A: To my understanding, there are very few American combat novels in our nation’s history with a Latino protagonist. Elias Marin, my book’s male hero, is symbolic of a leader who falls from grace due to his own failings, and who then has the choice to redeem himself or be undone by his own pride. At the beginning of my book, before the Black Widows unit is established, Elias makes a choice that ultimately costs many human lives. Disgraced, humiliated, his dreams destroyed, he is punished. But soon he is given a chance to step into an untested arena to train the new, all-female army division, a job no male soldier wants. Elias, as readers will see, is a complex character: incredibly strong, but we see him breaking down and weeping in several parts of the novel. He is cold yet sensitive, not the conventional hero, but more akin to what real heroes are probably like: good, conflicted, afraid, and strong. An authentic hero and role model.

Q: Why was it necessary to create all-female fighting units? Why not just integrate the women with their male comrades?
A: The answer, sadly, is based on reality, not fiction. Despite the fact that America’s military has admitted women in certain areas for a number of years now, including military academies, physical and sexual assaults on women are still a major concern. Women can’t rise through the ranks as the men can, because of tremendous prejudice regarding their abilities. Women in the military academies are harassed, and rape is not uncommon. In my book, these facts are used by the male opponents of the Black Widows to prevent women getting into combat. But the proponents of creating the Black Widows point out that, with all-female units, these obstacles and abuses will not be an issue. Similar to research that shows how students in all-girl schools develop greater leadership abilities and achieve more highly than in heterogeneous schools, this all-female model seemed reasonable.

Thelma Reyna with Victor Cass at Vroman's bookstore in Pasadena CA

Q: Women advocates might argue that having a male leader as the main hero dilutes the “women’s empowerment” that might otherwise distinguish your book. Are they right?
A: I’ve heard this expressed already. I can understand why women feel this way and I respect that perspective. But I was trying to reflect reality. When our military first integrated Black soldiers over 100 years ago, there were not enough Black officers to train new recruits, as was also the case in the Civil War with our Black soldiers. So, until there could be a critical mass of Black officers, White officers were used for training. In my novel, women volunteers sign up in droves for the Black Widows, defying expectations. Because of WWIII’s intensity, our military is being drained, so the U.S. needs all these recruits, but there simply aren’t enough airborne-trained women soldiers, especially at the officer level, to train them. So male officers have to be practically bribed to take on this unconventional assignment.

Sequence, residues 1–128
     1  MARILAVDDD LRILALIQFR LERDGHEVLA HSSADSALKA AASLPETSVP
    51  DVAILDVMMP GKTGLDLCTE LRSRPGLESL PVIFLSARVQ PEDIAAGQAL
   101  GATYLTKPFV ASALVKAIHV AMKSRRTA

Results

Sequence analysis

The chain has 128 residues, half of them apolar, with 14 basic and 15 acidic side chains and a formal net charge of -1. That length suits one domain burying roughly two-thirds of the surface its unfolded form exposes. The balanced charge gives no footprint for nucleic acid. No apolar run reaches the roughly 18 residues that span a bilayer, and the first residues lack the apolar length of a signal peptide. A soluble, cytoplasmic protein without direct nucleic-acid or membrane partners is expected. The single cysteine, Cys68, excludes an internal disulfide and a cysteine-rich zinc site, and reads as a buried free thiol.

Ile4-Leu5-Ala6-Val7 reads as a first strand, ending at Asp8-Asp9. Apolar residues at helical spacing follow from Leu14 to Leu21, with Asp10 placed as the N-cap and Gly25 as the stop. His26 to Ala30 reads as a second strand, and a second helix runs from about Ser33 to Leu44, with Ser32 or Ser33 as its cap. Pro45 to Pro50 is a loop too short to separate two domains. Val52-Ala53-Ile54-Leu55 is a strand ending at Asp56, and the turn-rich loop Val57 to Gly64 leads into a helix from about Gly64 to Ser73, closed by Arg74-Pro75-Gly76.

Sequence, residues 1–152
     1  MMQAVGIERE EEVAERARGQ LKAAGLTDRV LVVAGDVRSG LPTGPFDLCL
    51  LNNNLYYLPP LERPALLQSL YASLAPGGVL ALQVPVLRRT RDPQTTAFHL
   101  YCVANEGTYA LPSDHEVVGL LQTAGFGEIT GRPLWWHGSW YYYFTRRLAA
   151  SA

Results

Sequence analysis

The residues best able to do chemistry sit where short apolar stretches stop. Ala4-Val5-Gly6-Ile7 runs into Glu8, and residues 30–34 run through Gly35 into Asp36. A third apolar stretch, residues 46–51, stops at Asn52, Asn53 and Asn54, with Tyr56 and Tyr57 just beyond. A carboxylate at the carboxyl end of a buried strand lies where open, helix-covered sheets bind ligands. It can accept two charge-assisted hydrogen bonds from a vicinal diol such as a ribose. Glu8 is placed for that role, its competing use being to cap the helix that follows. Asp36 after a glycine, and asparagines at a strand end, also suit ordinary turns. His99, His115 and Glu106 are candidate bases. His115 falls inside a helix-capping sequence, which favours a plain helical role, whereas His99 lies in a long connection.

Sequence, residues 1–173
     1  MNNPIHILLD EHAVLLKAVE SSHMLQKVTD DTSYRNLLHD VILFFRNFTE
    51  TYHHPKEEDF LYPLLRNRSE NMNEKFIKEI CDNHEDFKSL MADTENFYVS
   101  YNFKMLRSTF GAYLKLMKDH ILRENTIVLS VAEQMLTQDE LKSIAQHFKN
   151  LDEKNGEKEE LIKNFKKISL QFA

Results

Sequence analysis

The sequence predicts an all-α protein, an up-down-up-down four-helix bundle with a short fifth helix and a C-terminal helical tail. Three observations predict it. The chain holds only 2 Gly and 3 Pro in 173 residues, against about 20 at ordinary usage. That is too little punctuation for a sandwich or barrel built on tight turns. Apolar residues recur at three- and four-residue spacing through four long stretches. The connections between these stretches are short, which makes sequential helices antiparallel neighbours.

Q: Have you received any blowback from the book’s title, Black Widow Bitches? Last I looked, the “b-word” is still much reviled, especially by women.
A: Yes, starting with my editor, and my family. My novel is a tribute to the strength and resilience of women from all walks of life. It celebrates how ordinary people, even downtrodden, disempowered women, can rise to great heroism, can do amazing things they never dreamed they were capable of. It celebrates how women can enter into a “man’s world,” a place they were excluded from and told they could never earn entrance into–and succeed! I know that the title might appear to diminish that. But the title is meant to be ironic. It comes from the snarling, hate-filled villains in the book, who were battered by the Black Widows. The terrorists had never seen strong women take control, and they hated the persistence and skills of the Black Widows. To them, through much of the book, these American women are “Black Widow Bitches”—a shallow, monotone, cliché depiction of women that reflects the denigration women have always experienced. Hearing themselves called this, my women soldiers are energized to crush the monsters these enemies are.

Black Widow Bitches is available through directly from the publisher at It is also on Amazon.

Adapted from article originally posted in by Kat Ward.